There are a variety of reasons for this statement, although I’m sure I’m biased to some extent by my undying love for Chang Cheh as a director, but The Assassin is one of those films that blends action and drama in a strong balance. While many (perhaps all?) Shaw Brothers films are fantastic action flicks, The Assassin works in balance with it to deliver a film that’s also character driven and a remarkably effective love story too. The focus of the film is driven by Jimmy Wang Yu as the titular assassin Nie Zheng, admirably so by the young actor giving as much effort to his torn conscious as he is to his charismatic interactions or his icy glare in the action set pieces, but it’s his chemistry with Lisa Chiao Chiao as the romantic interest Xia Ying that wins this movie. The heroic staple of the Shaw Brothers formula here is expected, particularly in this wuxia heavy 60s era of the studio, but this romantic plot is truly the heart and soul of why The Assassin works. Not only does an audience care about Nie Zheng and his torn need to do the heroic thing for the greater good, but the film establishes such a strong connection for his own ‘commoner’ life with his partner that it makes it resonate longer with the audience in how torn he is in his choices. Even when the film starts to toy with the narrative time line a bit, jumping forward years at a time in some occasionally stuttering ways, it works as the emotions of the characters still ring true. Even much of the secondary cast adheres to this stylistic approach and focus. Cheng Lui, as Nie Zheng’s peer and friend, adds admirably to the cast even if he shows up for only the first half of the film. This happens again and again to create a layered storytelling technique that builds a hearty foundation for the rest. This is a tale unfolding that the audience becomes inherently devoted to as it goes and the characters and emotion are grounded in shockingly effective ways. The Assassin is just not about a hero preparing for the one-time he must use his abilities for the good of all, it’s a film about him as a person and those around him that must also deal with this choice too. It’s a very humane and effective way to go about telling the usual wuxia story and it has fantastic dramatic effects.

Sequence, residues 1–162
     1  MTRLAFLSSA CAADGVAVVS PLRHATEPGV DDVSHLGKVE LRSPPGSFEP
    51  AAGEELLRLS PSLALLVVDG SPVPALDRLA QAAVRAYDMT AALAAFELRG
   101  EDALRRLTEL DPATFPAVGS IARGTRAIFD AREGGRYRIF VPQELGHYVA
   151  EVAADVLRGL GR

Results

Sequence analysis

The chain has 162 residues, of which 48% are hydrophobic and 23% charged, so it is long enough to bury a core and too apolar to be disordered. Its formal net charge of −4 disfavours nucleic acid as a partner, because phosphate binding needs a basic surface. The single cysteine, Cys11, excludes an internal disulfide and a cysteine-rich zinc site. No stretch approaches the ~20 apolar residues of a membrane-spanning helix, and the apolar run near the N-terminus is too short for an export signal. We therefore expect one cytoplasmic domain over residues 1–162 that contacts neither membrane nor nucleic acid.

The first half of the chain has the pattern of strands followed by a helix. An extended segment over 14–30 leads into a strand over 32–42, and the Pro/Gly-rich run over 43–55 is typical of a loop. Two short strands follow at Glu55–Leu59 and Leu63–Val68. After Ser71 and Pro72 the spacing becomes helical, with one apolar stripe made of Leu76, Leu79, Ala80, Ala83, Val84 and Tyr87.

Of course, this emotional and character driven story is brimming with fantastic action too. It wouldn’t be a Chang Cheh film without it. The Assassin doesn’t use the action as a way to keep the audience entertained in-between dialogue, plot progression, and character growth pieces though, it’s used to punctuate the emotions that the film is built on. Chang Cheh plays the film decently straightforward in this manner, grounding a lot of it in the realism of the story and only going for more strikingly artistic moments in the opening credits with the visuals and for one iconic scene in the final act. There isn’t a substantial amount of swordplay in the film, but it works to progress the film forward and having Liu Chia-Liang as one of the action directors helps to keep things in the narrative flowing. By the time it reaches the finale, Shaw Brothers fans will be on the edge of their seat to see if our assassin lives or dies as the film builds up the suspense to this one idea in impeccable ways. So even as the blood begins to spill, nothing is set in stone and each action set piece has larger implications in the story as a whole. It’s the perfect way to do action.
The Assassin is, as far as I’m concerned, a true wuxia classic that just so happens to be overshadowed by one other film that came out a smidge earlier in the year. It’s a film powered by an emotional rollercoaster of character work and performances, a slick eye for blending the action and narrative by Chang Cheh, and a few gasp inducing moments of truly inspired film making in the final act to lift up the dramatic tension. When it comes to the often-overlooked diamonds in the Shaw Brothers catalog, fans need to make sure that The Assassin does not become a forgotten cornerstone of the studio. It truly is a near perfect classic of romance and bloodshed. Who could ask for more?
Written by Matt L. Reifschneider Blood Brothers Film Reviews Founder/Writer/Lead Editor Blood Brothers. Unapologetically cult. @TheMovieMatt